Amazon (NASDAQ:AMZN) CEO Jeff Bezos is one of the few people who did not lose money during the coronavirus outbreak. The world’s richest man is the topic of discussion as the world’s first trillionaire, which is just way too much money.
Jeff Bezos is on pace to become the first trillionaire, that’s a crazy amount of money for one person, but we are all still going to keep using Amazon.
The topic of the world’s first trillionaire set Twitter ablaze Wednesday, a fire first started by an article on Comparison from last month.
According to Forbes, Bezos’ net worth has risen from $125 billion on April 5, to $145 billion on May 5 (already, a ridiculous amount of money). According to the company’s earnings report, Amazon sales topped $75 billion during the first quarter of 2020, which is vital for Bezos and his road to trillionaire land, because he owns 11% of the company. Amazon is enjoying a 28% bump in the stock market.
A Gross Amount Of Money
A trillion dollars is a gross number for one person. Now, Bezos has every right to it. He helped build an insanely successful company in Amazon. I am not suggesting some outside force should take it away or tell him how to spend it. But still, this is ludicrous.
It is sometimes hard to appreciate the ridiculous number a trillion dollars is when considering someone’s net worth, so let’s put this in perspective.
The Louisiana purchase cost $15 million in 1803, roughly $2.6 billion today. Yahoo Finance says that the Ferrari as a company (because one car is boring) is worth $29 billion. Investopedia lands the price tag on Buckingham Palace at $1.5 billion.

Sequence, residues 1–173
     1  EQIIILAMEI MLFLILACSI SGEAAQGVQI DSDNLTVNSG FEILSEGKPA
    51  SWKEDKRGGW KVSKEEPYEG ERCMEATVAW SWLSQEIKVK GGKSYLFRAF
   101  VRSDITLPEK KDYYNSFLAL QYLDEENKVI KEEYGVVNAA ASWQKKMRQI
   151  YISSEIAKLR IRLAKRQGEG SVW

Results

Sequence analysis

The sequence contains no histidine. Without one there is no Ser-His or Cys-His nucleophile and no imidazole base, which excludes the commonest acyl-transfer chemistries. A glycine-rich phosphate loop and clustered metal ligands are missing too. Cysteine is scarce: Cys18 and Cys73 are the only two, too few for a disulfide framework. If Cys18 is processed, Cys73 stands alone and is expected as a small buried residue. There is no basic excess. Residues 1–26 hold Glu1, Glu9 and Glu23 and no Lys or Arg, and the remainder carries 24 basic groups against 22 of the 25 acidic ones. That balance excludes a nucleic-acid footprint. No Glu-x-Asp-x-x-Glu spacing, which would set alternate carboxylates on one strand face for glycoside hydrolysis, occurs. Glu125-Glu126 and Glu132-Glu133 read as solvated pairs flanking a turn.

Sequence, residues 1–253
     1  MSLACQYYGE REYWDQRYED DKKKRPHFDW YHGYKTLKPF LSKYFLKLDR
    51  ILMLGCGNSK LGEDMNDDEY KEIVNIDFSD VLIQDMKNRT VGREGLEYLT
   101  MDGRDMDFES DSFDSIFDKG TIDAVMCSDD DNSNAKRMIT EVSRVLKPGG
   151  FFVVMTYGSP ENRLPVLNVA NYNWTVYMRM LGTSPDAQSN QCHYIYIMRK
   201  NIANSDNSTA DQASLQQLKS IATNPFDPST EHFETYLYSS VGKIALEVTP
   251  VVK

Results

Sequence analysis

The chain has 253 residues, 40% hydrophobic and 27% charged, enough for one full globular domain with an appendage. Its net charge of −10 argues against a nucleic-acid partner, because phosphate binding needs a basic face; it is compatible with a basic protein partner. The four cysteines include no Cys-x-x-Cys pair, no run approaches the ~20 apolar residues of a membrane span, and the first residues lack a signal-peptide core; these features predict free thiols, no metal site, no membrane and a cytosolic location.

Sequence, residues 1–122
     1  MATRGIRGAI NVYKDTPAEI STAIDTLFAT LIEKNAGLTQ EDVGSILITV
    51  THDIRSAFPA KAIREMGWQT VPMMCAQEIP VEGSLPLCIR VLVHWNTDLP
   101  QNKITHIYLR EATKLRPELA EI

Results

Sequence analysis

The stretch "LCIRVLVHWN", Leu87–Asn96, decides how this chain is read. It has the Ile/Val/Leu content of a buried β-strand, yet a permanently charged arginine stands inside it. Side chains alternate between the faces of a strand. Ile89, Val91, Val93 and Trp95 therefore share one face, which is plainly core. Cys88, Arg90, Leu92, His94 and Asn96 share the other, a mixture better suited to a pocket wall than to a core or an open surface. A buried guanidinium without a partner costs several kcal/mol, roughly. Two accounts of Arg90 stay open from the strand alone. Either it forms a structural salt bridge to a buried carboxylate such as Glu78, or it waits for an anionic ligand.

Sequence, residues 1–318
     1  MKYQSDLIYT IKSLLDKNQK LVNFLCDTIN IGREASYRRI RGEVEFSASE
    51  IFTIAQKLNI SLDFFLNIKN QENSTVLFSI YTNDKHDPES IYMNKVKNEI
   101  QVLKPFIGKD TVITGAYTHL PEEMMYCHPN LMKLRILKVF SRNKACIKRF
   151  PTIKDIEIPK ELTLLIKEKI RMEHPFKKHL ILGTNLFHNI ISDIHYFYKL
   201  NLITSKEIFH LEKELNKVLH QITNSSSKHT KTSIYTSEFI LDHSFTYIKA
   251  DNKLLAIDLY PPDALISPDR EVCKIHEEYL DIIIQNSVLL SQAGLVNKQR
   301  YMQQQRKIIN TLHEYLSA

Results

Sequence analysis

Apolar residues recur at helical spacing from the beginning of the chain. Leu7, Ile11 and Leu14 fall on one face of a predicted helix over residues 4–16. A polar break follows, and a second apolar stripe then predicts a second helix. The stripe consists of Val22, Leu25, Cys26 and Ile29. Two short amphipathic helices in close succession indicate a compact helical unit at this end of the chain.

Bezos could purchase all of these without putting a dent in his current wealth. What he is gunning for is the entire student loan-debt level in stakes. In the U.S., NerdWallet says Americans owe a collective $1.6 trillion in federal and private debt, as of last year. How is one person going to be worth this much? What?
The social media world is coming in hot with plenty of opinions on the wealth Bezos is set to accumulate.
Many were upset at the gap between themselves and Bezos, others are more concerned about his continued growth in wealth, while so millions struggle with unemployment.
Listen, it is an insane amount of money for one person to accumulate, and some people will probably make great points about the disparity of wealth in the world. But before you send out a snappy tweet that will have no impact on the march Bezos is making towards becoming the first trillionaire, thinks about this: Are you waiting for a package from Amazon? Yes? Then shut up.